These are the people your target customers like, want to be like, and listen to. They are also the people you want to hire for customer-facing positions, while also encouraging your connectors to recruit more connectors.

Once you’ve populated your internal organization with the right connectors, you need to create opportunities for them to meet nonmembers.

In the world of digital marketing, this could be through webinars, Snapchat, Facebook Live, or in person at meetups and industry events.

Whenever new people join the group, you and the other members should then shower them with love (lovebomb) to reaffirm their decision and make them feel welcome. This is the first step in fostering lifelong loyalty.

Although you should always reward members for promoting your brand, you should never force them to do so. A “brand cult” is more alluring when the members are passionate enough to become advocates on their own.

The Cult Paradox

The cult paradox is perhaps the most intriguing (and confusing) aspect of creating a cult following for your brand.

On one hand you are promoting your customers as unique individuals, but on the other hand, they are all part of a big group.

According to Atkin, the cult paradox is often the result of a person’s circumstances leading up to their introduction to the group.

Perhaps a person feels like they are different from others or even alienated. This leads them on a search for a better environment. Once they find an environment (hopefully your brand) where their difference is seen as a virtuous quality, instead of something negative, they feel a sense of belonging and security.

In a nutshell, this is how a brand cult brings together people who are usually celebrated for being individuals.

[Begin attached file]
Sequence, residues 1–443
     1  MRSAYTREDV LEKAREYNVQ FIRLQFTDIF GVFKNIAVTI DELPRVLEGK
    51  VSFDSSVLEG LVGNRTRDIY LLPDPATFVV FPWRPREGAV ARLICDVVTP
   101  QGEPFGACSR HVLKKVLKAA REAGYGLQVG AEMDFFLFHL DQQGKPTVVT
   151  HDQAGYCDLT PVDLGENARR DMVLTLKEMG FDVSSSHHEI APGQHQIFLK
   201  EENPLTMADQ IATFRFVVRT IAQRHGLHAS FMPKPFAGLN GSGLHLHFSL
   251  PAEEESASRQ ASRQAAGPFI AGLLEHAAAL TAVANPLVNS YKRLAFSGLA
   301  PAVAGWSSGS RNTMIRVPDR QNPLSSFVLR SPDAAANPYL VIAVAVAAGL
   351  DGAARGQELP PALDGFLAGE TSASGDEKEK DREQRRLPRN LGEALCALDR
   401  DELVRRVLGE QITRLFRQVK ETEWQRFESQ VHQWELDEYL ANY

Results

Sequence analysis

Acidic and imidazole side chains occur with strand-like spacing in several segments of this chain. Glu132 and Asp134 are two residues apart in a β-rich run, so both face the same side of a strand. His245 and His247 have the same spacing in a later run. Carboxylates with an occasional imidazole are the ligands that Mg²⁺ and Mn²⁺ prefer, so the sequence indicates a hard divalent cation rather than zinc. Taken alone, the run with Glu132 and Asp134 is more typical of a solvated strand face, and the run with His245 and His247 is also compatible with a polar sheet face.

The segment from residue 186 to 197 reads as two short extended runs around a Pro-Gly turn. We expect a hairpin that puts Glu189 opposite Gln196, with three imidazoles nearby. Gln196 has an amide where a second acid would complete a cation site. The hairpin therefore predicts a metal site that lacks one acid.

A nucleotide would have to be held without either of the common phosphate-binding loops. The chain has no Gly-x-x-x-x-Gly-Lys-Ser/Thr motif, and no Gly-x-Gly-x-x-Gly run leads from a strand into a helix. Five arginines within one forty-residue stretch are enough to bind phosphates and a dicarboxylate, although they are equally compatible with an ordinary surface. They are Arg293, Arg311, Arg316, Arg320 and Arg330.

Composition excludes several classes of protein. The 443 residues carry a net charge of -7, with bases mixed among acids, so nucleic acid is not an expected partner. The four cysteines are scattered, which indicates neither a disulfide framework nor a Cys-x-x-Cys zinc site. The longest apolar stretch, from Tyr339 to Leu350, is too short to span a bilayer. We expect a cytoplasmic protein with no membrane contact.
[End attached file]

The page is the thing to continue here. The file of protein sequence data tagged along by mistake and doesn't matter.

Create a Community Around Separation

The two most important steps for promoting individualism while building a cult following for your brand is by separating your values from the status quo and rallying around a common enemy.  In other words, you need to create a mutual sense of separation by doing the following:

  1. Determine what sets your brand apart from the establishment. (What’s your USP?)
  2. Create your own doctrine, values, and language.
  3. Separate your brand from the outside world.
  4. Demonize a common enemy.

There are countless examples of brands using these techniques to their advantage.

Apple, for example, has set out to be everything that a normal computer company is not since day one.

With most people experiencing computer problems at some point in life, and Microsoft being the most common operating system, making their organization and PCs, in general, the enemy seemed like the most logical move.

Nike has used the same strategy, but instead of making a specific company the enemy, they have demonized the mindset of “not doing it.”

This works phenomenally because it can apply to an infinite amount of circumstances. “Just do it” is the opposite of laziness, procrastination, failure, giving up, and anything else that athletes (their target customer) hate.

As an inbound marketing agency, we rally against traditional, outbound marketing and most of our customers can get behind that because they have burned thousands of dollars on strategies that are no longer effective.

How can you set your brand apart from the status quo in this way? What common enemies do your customers have? What common values? Answer these questions and you’re well on your way to creating a cult following for your own brand.